The carer, or their elderly relative, should also apply for care and support needs assessment, which may offer support with anything from home adaptions to specialist equipment and respite care.

This will not necessarily be provided free of charge, as each council has its own rules regarding charges.

There are some benefits available to carers too, including the Carer’s Allowance, which applies if someone cares for 35 hours a week or more and earns less than £110 a week.

It is currently £66.15 a week, with a one-off £10 Christmas bonus in December.

An additional benefit of applying for this is that getting Carer’s Allowance will automatically help them build up their National Insurance Contribution record, which will make getting a State Pension easier.

An individual’s eligibility for Carer’s Allowance depends on the benefits the person they’re caring for receives.

They will need to be entitled to either the Personal Independence Payment (the daily living component), Disability Living Allowance (either the middle or higher rate), Armed Forces Independence Payment or Attendance Allowance.

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What if I can’t care for my parent?

Families who choose to look after their elderly parents can get help, but it’s also essential to bear in mind that they don’t necessarily have to bear the brunt of caring.

Stone points out that now families often live far apart, it may prove impractical and too stressful, while those who write on the forums regularly assure one another that they are perfectly entitled to a life of their own.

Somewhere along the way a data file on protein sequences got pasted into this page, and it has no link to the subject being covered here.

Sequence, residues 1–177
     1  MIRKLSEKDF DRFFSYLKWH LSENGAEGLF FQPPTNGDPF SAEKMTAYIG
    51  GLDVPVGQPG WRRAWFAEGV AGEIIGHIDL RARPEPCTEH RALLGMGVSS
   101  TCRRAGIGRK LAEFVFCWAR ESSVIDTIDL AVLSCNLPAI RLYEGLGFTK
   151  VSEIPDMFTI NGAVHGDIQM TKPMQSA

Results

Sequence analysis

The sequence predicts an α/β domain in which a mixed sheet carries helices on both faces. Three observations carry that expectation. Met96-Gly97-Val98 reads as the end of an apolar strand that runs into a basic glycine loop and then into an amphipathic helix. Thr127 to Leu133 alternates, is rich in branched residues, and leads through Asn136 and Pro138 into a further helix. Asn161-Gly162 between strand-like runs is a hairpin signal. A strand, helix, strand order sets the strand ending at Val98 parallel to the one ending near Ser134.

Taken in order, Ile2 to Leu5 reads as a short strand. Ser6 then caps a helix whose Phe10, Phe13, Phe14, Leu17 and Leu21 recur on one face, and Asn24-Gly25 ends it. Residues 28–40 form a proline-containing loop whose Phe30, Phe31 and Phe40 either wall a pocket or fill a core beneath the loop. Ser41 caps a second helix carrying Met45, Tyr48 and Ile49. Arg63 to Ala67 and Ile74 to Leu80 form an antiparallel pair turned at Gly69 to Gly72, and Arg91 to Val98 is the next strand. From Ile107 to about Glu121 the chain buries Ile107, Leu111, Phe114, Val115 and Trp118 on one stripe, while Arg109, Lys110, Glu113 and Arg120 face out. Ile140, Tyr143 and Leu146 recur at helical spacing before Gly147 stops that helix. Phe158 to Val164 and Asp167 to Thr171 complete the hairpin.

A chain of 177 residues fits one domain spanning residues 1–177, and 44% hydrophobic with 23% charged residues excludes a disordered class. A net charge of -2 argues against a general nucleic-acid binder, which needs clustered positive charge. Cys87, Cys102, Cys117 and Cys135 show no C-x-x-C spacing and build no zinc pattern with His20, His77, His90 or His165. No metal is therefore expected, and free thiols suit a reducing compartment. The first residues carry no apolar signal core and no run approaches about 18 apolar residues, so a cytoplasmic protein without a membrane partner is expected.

If residential care isn’t suitable or is too expensive, then the council may provide care that will enable ageing parents to stay in their own home.

This may come at a cost, but it will be cheaper than residential care.

Stone says: “It can often be better for people to get help in order to remain in their own home, and they can get some help with costs if they have a care assessment.”

There is plenty of information available on what is available, and how to apply for it from Citizens Advice, Age UK, and Myageingparent.com.

Some of these sites have forums where carers can ask for advice on the cost of care, their options, and the considerations: these forums can be a lifeline.

As Stone said: “It’s easy for carers to become isolated, and to feel like they are going through this alone. Forums help connect them with others who have been through something similar.”

We've also put together a guide to getting help paying for care costs, which you can read here.

Life may be more stressful and expensive when caring for elderly parents, but it’s not something anyone has to do alone – not when there are 900,000 people in the same boat.

*This article contains affiliate links, which means we may receive a commission on any sales of products or services we write about. This article was written completely independently.